An old favorite hedge fund stock took another huge beating on Thursday on another nightmare day for the global stock markets. Shares of embattled renewable energy company SunEdison closed down nearly 40 percent, to $3.34. At one point trading was temporarily halted due to a circuit breaker.
Jittery investors may have been very unhappy with the company’s announcement, issued before the market opened, of a major debt restructuring designed to reduce debt by $738 million. Under the deal, the company plans to raise $725 million in second-lien secured-term loans. It also will issue 11.8 million shares of common stock in exchange for $158.3 million of preferred stock. The company also said it will issue warrants exercisable for nearly 29 million shares of common stock.
Around mid-December, Boston-based Adage Capital Management more than doubled its stake in the company, to 17 million shares, or 5.37 percent of the total outstanding, making Adage Sun Edison’s sixth-largest shareholder. After the purchase, five hedge fund firms owned more than 23 percent of the company’s shares. They include Adage and four New York-based firms: Greenlight Capital, Valinor Management, SRS Investment Management and Glenview Capital Management. Of course, this assumes the other four firms did not sell any shares in the fourth quarter.
More bad news for Einhorn’s Greenlight, as if he needed any more. On Thursday, Barclays cut its price target on Consol Energy from $10 to $8 after the coal and natural gas company warned it is cutting its capital expenditures and coal shipments due to low energy prices. Barclays, which maintained its equal weight rating on the stock, also trimmed its cash flow estimates for the fourth quarter of 2015 and all of 2016 and 2017.
“We and the rest of the market keep trying to realistically calibrate our commodity expectations, but the sought-after ‘floor’ has remained out of reach,” the bank concedes in a note to clients. Shares of Consol fell more than 76 percent last year. Even so, the stock remained among the New York hedge fund’s largest long positions entering 2016. On Thursday, the stock dropped more than 4 percent, to $7.26, nearly double the overall market’s decline for the day.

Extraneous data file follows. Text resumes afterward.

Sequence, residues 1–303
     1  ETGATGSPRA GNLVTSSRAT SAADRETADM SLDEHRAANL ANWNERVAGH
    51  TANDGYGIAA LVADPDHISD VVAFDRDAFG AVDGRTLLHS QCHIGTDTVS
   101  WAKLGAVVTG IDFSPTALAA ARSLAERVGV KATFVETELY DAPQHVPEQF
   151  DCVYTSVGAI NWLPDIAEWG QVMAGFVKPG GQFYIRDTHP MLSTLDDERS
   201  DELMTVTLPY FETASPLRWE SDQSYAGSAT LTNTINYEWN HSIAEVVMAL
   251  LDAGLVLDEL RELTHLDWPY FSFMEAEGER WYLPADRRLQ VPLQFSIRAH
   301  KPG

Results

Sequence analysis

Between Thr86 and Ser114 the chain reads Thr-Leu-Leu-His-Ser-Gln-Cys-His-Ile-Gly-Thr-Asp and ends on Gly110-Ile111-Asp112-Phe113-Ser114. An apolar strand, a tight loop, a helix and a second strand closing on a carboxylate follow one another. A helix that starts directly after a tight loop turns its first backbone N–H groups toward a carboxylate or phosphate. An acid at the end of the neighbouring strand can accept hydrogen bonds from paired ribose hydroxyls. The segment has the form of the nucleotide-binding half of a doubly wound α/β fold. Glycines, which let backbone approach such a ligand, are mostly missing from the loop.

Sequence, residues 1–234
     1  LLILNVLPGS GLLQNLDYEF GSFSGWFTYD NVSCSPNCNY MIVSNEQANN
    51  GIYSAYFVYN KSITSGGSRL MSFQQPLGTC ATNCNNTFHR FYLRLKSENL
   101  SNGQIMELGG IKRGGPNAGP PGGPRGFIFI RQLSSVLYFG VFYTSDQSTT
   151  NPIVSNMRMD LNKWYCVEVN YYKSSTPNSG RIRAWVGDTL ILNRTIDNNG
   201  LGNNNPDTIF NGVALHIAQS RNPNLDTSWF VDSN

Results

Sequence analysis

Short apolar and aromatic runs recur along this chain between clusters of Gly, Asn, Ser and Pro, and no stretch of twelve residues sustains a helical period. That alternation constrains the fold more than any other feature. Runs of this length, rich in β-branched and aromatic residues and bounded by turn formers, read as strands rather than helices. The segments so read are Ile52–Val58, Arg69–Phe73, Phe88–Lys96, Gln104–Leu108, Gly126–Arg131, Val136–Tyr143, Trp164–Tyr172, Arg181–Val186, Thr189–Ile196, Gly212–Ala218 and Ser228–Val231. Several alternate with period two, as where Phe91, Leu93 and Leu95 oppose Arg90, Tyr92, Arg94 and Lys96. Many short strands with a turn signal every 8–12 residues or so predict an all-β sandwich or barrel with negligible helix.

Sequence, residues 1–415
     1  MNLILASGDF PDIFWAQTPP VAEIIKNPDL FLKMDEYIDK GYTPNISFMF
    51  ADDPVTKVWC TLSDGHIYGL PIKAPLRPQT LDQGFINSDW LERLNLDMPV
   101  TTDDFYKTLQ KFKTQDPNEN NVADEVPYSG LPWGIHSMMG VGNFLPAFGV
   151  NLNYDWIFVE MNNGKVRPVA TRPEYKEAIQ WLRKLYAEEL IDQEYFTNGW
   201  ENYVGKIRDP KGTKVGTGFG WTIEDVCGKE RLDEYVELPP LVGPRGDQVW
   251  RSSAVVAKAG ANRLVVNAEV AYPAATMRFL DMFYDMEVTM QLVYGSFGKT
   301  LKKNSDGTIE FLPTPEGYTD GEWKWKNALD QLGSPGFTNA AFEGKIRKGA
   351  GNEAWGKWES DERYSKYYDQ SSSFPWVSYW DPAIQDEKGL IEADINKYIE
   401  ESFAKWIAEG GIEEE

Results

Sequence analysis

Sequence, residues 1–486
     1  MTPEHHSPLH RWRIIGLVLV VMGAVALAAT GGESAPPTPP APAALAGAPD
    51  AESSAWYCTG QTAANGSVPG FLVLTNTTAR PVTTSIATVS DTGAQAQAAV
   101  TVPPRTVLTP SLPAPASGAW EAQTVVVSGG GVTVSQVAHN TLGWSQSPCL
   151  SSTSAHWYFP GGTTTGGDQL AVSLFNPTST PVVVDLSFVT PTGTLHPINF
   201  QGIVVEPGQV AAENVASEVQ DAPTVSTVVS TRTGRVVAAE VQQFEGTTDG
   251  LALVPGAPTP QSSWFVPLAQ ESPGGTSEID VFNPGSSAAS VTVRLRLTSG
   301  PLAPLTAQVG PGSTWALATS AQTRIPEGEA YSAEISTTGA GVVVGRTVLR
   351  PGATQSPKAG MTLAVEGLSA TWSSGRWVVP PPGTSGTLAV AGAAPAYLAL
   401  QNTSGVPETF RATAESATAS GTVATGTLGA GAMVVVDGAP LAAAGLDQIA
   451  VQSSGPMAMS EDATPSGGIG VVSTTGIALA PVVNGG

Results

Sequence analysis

Tim Garry, described as the number two person at San Francisco-based Passport Capital, is leaving the $4.4 billion hedge fund firm, according to a Reuters report. Garry, who has been with the firm since December 2007, is also credited with helping to boost Passport’s risk management and quantitative strategy, according to the report. “Given his achievements at Passport, Tim is ready for a role with an increased level of responsibility and will be pursuing new opportunities,” Passport founder John Burbank reportedly told clients in a letter. “We look forward to supporting Tim in his future endeavors and appreciate his many valuable contributions to Passport.”
Daniel Benton’s technology-focused Andor Capital Management posted a 1.7 percent gain in December, bringing it up about 1 percent for the year, according to an individual who has seen the results.
The Visium Global Fund gained 10.3 percent last year. Managed by Jacob Gottlieb’s New York-based Visium Asset Management, the long-short fund invests more than 90 percent of its assets in equities.